Navajo-Hopi Nations,Flagstaff & Winslow News
Mon, April 06

Big Brothers, Big Sisters reach out to Navajo, Hopi communities

<i>Courtesy photo</i><br>
Big Brother Frank Alvillar Jr. (right) and Little Brother Shawn have been matched in BBBSF’s GEAR UP program since April.

<i>Courtesy photo</i><br> Big Brother Frank Alvillar Jr. (right) and Little Brother Shawn have been matched in BBBSF’s GEAR UP program since April.

FLAGSTAFF, Ariz. - Big Brothers Big Sisters of Flagstaff (BBBSF), a non-profit organization dedicated to improving the lives of local children by matching them with appropriate adult mentors, is reaching out to Native American children in Flagstaff and the Hopi and Navajo reservations. BBBSF has launched the Bare Root Initiative, named for a regionally indigenous sacred plant, which promotes mentoring relationships among Native adult volunteers and youth participants (dubbed Bigs and Littles by BBBSF) and focuses specifically on Native American family, culture, health and education. In a mentoring relationship, Bigs and Littles spend time together for a couple of hours a few times a month at the Little's school or in the community.

"Each and every child has the right to have someone special in their life - someone to learn from and experience new things with," said Dinah Gillette, Bare Root Initiative Advisory Council member, Big Sisters Board member and member of the Hopi tribe. "It doesn't matter the race; having a positive mentor in a child's life can make a world of difference for their confidence and self esteem."

The Bare Root Initiative, which was officially launched this spring, is funded by Big Brothers Big Sisters of America (BBBSA) with grant money provided by the Department of Justice. The Flagstaff agency is one of only a handful of BBBS agencies to receive funding to pilot a program geared specifically toward Native Americans. According to BBBSA, programs like Bare Root have reached nearly two dozen Native American communities across the U.S., including Alaska.

Gillette, who helped to start the Bare Root Initiative, said that BBBSF found out about the organization's interest in Native American mentoring during the BBBS National Conference in 2006 through a chance meeting with someone who told them about the grant opportunity.

"A man sat at our table and told us about the available grant money and all of us got so excited," Gillette explained. "I told him all about Flagstaff - how we're a sort of border town (located between two reservations) and have a lot of Native children to serve. We were lucky to get the inside scoop about the grant and during the rest of the conference we bounced ideas off of each other about how we could implement a program like Bare Root. I was happy to learn that, because of that conversation, we were chosen to receive the grant before we even applied."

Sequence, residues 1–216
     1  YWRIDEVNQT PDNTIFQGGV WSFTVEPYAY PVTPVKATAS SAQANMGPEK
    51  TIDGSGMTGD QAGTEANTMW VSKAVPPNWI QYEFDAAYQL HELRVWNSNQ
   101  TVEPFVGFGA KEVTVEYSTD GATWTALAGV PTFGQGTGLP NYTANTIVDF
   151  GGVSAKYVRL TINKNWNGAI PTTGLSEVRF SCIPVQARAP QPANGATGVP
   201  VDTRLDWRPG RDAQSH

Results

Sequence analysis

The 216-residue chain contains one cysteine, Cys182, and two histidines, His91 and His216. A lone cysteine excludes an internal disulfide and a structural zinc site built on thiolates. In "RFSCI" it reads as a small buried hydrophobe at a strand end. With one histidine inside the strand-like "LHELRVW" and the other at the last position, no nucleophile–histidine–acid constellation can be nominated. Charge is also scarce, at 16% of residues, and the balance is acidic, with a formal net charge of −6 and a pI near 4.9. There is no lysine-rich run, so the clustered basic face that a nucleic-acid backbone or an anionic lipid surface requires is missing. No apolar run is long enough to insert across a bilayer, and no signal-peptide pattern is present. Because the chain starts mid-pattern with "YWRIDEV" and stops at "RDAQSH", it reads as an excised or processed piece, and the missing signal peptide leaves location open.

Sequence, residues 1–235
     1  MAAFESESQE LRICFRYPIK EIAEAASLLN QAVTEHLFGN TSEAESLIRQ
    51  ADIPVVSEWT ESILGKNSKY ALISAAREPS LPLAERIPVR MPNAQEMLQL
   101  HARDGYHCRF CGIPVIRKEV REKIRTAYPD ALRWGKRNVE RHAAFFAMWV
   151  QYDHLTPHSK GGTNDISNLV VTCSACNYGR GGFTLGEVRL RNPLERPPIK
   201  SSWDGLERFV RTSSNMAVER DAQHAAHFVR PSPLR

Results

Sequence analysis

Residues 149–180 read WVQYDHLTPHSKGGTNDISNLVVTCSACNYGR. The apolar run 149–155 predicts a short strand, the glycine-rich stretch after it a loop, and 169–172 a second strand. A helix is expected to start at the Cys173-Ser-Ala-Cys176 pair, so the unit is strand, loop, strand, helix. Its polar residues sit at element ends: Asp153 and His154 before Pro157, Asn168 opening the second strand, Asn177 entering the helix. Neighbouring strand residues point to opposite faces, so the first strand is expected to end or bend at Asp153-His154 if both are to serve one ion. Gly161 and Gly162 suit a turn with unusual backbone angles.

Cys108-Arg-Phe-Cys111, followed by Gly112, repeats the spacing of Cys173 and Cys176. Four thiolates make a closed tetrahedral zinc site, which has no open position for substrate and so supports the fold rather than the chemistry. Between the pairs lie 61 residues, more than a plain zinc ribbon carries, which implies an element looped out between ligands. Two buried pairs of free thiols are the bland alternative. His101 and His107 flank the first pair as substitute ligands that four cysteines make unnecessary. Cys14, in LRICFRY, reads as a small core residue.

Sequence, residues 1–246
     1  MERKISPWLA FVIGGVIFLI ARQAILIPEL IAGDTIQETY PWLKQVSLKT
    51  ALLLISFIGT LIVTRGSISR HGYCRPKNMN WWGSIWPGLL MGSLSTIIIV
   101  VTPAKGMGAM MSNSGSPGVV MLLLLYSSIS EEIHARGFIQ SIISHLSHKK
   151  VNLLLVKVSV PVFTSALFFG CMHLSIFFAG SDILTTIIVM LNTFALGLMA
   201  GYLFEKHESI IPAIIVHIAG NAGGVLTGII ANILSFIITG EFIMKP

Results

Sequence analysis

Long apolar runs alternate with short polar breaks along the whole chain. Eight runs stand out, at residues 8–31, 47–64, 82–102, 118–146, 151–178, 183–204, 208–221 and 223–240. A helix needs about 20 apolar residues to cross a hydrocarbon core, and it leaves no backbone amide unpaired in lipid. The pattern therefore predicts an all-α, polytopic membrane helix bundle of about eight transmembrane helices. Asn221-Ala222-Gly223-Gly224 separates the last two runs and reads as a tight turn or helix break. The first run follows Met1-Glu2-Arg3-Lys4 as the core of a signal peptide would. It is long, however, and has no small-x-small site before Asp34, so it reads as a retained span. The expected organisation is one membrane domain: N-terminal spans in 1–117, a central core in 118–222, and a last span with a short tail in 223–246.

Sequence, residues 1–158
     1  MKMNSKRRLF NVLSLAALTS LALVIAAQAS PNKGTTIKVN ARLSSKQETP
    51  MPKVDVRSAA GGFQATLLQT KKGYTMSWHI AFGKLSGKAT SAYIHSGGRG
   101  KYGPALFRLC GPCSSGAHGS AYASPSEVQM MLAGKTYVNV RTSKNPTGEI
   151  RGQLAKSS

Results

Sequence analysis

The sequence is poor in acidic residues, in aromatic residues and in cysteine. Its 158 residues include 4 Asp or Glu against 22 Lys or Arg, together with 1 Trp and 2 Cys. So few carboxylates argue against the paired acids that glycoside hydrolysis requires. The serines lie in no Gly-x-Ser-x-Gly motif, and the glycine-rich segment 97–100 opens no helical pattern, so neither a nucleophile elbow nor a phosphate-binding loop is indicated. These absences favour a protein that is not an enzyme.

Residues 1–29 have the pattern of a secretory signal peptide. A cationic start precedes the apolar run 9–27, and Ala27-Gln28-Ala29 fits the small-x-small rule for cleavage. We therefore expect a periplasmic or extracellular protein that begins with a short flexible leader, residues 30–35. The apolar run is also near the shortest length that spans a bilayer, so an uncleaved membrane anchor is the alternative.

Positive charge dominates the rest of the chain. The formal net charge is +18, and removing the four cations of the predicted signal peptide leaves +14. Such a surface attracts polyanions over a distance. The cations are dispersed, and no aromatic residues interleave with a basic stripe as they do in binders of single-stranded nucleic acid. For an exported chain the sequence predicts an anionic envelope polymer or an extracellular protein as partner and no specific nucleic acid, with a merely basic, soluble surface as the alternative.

After receiving the funding, BBBSF formed a committee to help launch the Bare Root Initiative. The Bare Root Initiative Advisory Council advises BBBSF staff on how to develop and implement the most appropriate type of mentoring practices for Native American children. According to BBBSF, the program aims to reach potential Native American Littles and their families through strategies and programs that are culturally appropriate. On a national basis, BBBS hopes that the funding enables participating agencies (like BBBSF) to host Native American cultural events for children and volunteers, work with tribes to bring the program to their reservations and provide more effective communication at cultural gatherings and events.

Gillette, who has lead a thriving career in law enforcement, education and community activism, said she owes her success to the two role models she had growing up - her parents. But, she knows not every child is as fortunate as she was, so the Bare Root Initiative is very near and dear to her heart, she said.

"As a police officer in Flagstaff, I saw children from all races that came from single-parent families, who were latch-key kids," Gillette said. "I often wondered who was there for them? That is why I like this program - it is such a privilege to be a Big. Someone trusts you with their child, what an honor."

So far, BBBSF has created more than 30 new matches that involve a Native American Big and/or Little. Their goal is to have 36 matches by the end of the year. Gillette said she hopes the Bare Root Initiative continues to recruit more Native Bigs and Littles as the program continues to grow. She also said the council is working on planning several upcoming events, like a blessing ceremony, for Bare Root matches.

"I hope we (BBBSF) reach as many potential Native Bigs and Littles as possible," Gillette said. "Having traditions and a culture in common is often an icebreaker for the children - a way to help them open up and begin a great relationship."

For more information on the Bare Root Initiative or Big Brothers Big Sisters of Flagstaff, call (928) 774-0649 or e-mail

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